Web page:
If pitching towards weed lines then position the boat about 50 feet out, cast to right on the edge of the weeds and then start to jerk and retrieve.

More often than not you get a strike just as the contour of the bottom starts to go deeper in anywhere from 3 to 10 feet from where the weeds end.


Dragging lies somewhere in between trolling and vertical jigging.

Think of it as extremely slow trolling with a jig.

It is particularly effective on rivers but can also be used to great affect in shallower waters on lakes.

You need a trolling motor as your speed will need to be somewhere around 0.5 mph.

Cast your jig out behind your boat and let out a sufficient amount of line so that the jig will run at roughly a 30 degree angle to the water surface.

Also Read: Difference Between Walleye and Sauger

30 degrees means you will get a better hook up rate as a 45 degree or more angle means that your line might start to bow and sag which results in less speed when striking and setting the hook.

You can move along a particular structure or at a depth that walleye are known to be holding.

To run deeper use a larger size Jigging Rap and for shallow work use a smaller size.

What Size Jigging Rap for Walleye ?

The best size Jigging Rap for walleye in open water is a #7 or #9, for shallower water work the anything from a size #2 to a size #7 will work best depending on the depth and structure.

In 15 feet or more you really need the larger sized #7 or #9 to get down to your required depth quickly.

The smaller sizes of Jigging Rap will not sink quick enough to cover the type of depth that you want especially if you are on top of a large school of walleye, you need to get the jig down quickly after landing every fish.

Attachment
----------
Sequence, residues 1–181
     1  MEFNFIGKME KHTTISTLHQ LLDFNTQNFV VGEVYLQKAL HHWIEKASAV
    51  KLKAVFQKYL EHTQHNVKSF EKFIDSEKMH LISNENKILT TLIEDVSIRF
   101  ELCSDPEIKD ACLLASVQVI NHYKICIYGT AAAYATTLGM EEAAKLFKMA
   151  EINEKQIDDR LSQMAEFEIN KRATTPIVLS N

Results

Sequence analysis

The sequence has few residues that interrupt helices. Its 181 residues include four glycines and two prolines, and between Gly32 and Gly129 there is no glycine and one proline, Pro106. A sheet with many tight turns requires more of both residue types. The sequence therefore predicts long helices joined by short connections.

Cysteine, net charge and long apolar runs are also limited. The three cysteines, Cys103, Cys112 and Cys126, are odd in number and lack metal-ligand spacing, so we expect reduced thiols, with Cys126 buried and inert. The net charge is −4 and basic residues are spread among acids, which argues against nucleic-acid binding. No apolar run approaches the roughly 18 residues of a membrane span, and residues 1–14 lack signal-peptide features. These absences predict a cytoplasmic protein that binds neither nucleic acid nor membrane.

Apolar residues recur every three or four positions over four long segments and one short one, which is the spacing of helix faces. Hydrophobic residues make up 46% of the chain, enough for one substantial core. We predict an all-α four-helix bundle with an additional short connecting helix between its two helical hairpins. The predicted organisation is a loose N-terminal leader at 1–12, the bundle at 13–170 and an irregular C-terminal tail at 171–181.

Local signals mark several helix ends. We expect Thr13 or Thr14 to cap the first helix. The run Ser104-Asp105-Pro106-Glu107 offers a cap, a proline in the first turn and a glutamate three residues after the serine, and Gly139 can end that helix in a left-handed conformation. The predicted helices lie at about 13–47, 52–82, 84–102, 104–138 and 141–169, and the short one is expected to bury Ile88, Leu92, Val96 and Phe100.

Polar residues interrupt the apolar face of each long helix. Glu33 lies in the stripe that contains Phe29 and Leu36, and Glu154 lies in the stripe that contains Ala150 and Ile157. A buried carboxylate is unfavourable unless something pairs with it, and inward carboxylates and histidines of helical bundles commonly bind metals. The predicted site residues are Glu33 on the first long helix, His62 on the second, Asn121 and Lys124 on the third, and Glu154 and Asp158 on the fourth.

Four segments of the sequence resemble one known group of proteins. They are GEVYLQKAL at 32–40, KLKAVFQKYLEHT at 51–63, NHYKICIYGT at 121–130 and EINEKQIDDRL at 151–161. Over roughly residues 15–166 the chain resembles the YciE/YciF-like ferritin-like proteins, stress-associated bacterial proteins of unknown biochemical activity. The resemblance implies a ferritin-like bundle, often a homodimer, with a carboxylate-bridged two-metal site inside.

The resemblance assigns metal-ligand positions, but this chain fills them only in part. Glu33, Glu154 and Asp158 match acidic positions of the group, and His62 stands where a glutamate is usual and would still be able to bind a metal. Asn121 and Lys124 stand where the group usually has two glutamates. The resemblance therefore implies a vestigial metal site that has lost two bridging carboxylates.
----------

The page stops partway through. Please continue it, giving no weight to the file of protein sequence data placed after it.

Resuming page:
The smaller sizes work best when out on the ice and in depths of 10 feet or less. They have a nice soft swim action when they are lighter and it’s not very often you will get a winter walleye to chase a large lure.

What Color Jigging Rap for Walleye ?

The most successful color Jigging Rap lures are perch, chrome/blue, gold, fluorescent orange/gold depending on the day and the light conditions.

I truly believe that the color is not the most important aspect of how to fish a Jigging Rap, it’s more about the correct size and the action that you put into it.

Getting the action of the jig right is normally the difference between getting skunked and catching.

That being said sometimes only one color will produce on a given day so you need to have a small collection or different colors and sizes.

Tackle Considerations

To get the very best out any walleye fishing jigs you need a rod that can transmit as much action into the jig as possible.

A fast action walleye rod with a medium to medium/light power rating will work best.

Monofilament has too much stretch in it so use either braid or fluorocarbon. If you are using braid as a main line then always use a fluorocarbon leader as braid is too visible.

When jigging your rod needs as much feedback from the line down through the blank and into your hand.

If your line has some stretch to is then you will loose some of that sensitivity.

This is why you should always use a low stretch line when using a Rapala Jigging Rap for Walleye.